Jeremy Coote (1993) claims that if anthropologists study the emic system of judgments in different cultures, it will become clear that non-Western cultures indeed have their own aesthetics. The idea of aesthetic appreciation implies discrimination or judgment on the part of an object's audience; aestheticians have the ability to rank objects based on a set of overt criteria. In sub-Saharan Africa, amateur Yoruban art critics have a stringent set of standards for aesthetic appeal in statues. According to Robert Farris Thompson, “Judgments of better or worse imply an aesthetic when they are qualified and if the qualifications prove to be fairly systematic. Whatever else true criticism is, it is an applied aesthetic. Traditional African critics may qualify their remarks with subordinate clauses, as it were, in which the reasons behind each choice are spelled out and where, ideally, the reasons for the reasons are also given” (1973, 23). At first glance, anthropologists did not believe that any members of Yoruban society had a systematic appreciation for art, and categorized their discussions of art as falling short of a true aesthetic. This is because early anthropologists focused on the judgments of artists or art owners, not art critics, and they were usually reluctant to judge their own works. Also, Yoruban critics were initially reluctant to share their judgments with Westerners, because as Thompson says, “Some traditional Yoruba seem to assume a white man’s ability to perceive aesthetic import in art is weak or underdeveloped” (1973, 30). Western critics find fault with some carvings for their "excessively" deep-carved eyes, but Yoruba critics particularly appreciate the clear, balanced effect of light and shadow created by deep eyes. Thompson (1973) polled Yoruban critics and assembled a list of eighteen common criteria by which they rank art, although no critic mentioned every standard: a good piece must show the correct degree of mimesis, visibility, shining smoothness, delicacy, roundness, pleasing angularity, straightness, symmetry, skill, and ephebism. These criteria, taken together, illuminate an internally consistent, coherent Yoruban aesthetic, which stresses balance and moderation between disparate elements. As articulated by the Yoruba, the ideal is a median between abstraction and realism, youth and age, light and shade (Thompson 1973, 58).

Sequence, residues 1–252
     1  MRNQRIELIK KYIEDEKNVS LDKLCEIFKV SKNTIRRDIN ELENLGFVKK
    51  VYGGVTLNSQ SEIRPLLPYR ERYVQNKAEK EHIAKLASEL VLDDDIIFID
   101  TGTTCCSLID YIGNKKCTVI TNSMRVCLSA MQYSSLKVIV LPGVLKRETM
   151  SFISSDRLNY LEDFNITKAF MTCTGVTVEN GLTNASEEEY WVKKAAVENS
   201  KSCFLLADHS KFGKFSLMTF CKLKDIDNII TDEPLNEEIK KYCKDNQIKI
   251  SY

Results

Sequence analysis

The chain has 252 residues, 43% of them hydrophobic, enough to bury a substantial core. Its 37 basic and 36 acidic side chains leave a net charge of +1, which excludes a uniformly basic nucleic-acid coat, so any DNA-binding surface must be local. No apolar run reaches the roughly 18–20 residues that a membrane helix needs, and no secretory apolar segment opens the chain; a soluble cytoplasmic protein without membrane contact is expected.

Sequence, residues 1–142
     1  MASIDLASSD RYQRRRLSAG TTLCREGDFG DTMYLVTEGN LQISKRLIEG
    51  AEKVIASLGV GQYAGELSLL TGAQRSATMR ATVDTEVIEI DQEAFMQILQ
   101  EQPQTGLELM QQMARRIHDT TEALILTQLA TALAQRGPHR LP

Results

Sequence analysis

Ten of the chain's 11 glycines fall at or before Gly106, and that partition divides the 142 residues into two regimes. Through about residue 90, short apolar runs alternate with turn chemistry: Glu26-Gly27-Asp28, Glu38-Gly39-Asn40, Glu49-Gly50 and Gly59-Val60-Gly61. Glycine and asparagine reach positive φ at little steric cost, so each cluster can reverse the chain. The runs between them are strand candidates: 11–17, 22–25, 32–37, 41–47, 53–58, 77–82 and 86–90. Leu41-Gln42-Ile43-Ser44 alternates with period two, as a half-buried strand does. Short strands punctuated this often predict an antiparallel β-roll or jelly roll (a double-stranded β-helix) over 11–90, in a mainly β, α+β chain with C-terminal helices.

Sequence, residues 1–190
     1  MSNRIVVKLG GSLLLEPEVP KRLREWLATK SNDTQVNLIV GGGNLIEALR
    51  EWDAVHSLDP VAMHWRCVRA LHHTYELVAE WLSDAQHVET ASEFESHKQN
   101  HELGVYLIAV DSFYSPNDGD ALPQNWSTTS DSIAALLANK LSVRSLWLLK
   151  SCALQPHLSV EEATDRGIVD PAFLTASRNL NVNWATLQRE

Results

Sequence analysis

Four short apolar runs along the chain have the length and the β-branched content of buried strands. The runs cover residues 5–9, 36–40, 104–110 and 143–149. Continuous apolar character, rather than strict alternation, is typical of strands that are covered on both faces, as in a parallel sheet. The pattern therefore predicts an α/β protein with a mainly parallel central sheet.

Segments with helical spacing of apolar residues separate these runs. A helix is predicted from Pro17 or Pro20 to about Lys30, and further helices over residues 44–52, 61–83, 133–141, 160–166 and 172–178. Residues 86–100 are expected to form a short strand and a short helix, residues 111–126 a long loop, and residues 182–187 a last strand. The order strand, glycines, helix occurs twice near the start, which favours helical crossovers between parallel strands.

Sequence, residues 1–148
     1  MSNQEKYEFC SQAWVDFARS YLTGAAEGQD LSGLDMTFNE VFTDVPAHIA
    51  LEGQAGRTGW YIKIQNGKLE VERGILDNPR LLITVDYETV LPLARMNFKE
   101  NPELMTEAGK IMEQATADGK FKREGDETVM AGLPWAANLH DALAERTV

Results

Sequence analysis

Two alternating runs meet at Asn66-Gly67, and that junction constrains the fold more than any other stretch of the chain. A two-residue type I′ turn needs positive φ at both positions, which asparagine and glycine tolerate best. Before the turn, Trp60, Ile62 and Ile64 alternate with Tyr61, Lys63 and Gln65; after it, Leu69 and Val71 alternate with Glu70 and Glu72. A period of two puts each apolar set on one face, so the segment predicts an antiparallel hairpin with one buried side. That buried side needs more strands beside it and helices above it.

Unlike the Yoruba, the Yolngu of northeast Arnhem Land, Australia “have neither aestheticians nor art critics” (Morphy 1992, 182). Also, in theory, every member of Yolngu society is equally capable of producing art. Do the Yolngu have any system of aesthetics? The Yolngu do discuss art, but they usually frame their discussions in different terms than Westerners, and they rarely admit to aesthetic concerns in the production of their art (Morphy 1992, 182). However, Howard Morphy states that “the Yolngu clearly are concerned to produce effects on the senses by which the success of the work can be judged and which Europeans would interpret as aesthetic effect” (1992, 182). The Yolngu, like the Yoruba, have conventionally been understood to lack systematic judgments on the success or failure of art objects or artists. In the case of the Yolngu, this is because they do not publicly acknowledge or reward artistic skill. Morphy continues, "When asked directly, however, people readily acknowledge that some people paint better than others" (1992, 183). Although criticism among the Yolngu is less systematic and open than among the Yoruba, Yolngu people recognize the qualities that make a painting good. In both the Yoruba and Yolngu cultures, initially considered to be capable of producing art objects but not judging their aesthetic merits, anthropologists have revealed emic systems of judgment.